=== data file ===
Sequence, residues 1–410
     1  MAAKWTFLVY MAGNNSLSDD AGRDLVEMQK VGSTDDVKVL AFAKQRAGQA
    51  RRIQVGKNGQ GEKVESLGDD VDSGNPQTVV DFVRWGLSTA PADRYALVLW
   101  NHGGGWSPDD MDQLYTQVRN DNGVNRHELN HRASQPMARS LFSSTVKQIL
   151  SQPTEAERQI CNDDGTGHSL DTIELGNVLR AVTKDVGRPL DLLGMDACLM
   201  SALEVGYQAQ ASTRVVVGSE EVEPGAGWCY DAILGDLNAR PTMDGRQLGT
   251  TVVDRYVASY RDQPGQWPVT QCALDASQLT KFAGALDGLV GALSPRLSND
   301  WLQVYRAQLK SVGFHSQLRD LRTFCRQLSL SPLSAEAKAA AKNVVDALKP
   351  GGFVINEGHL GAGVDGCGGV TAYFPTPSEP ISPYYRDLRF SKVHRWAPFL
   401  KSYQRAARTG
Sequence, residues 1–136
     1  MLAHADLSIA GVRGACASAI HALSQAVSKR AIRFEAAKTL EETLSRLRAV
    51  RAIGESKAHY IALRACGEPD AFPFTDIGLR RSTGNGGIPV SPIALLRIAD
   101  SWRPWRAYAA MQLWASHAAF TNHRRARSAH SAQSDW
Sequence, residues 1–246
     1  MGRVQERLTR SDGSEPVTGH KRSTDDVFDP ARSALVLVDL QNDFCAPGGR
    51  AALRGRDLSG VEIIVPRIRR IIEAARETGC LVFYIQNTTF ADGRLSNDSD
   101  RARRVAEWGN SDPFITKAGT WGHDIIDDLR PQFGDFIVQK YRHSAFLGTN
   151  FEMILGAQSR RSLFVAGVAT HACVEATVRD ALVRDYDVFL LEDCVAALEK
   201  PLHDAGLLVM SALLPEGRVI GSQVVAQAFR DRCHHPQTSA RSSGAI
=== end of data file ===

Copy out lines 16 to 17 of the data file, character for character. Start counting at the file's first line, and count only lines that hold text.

     1  MGRVQERLTR SDGSEPVTGH KRSTDDVFDP ARSALVLVDL QNDFCAPGGR
    51  AALRGRDLSG VEIIVPRIRR IIEAARETGC LVFYIQNTTF ADGRLSNDSD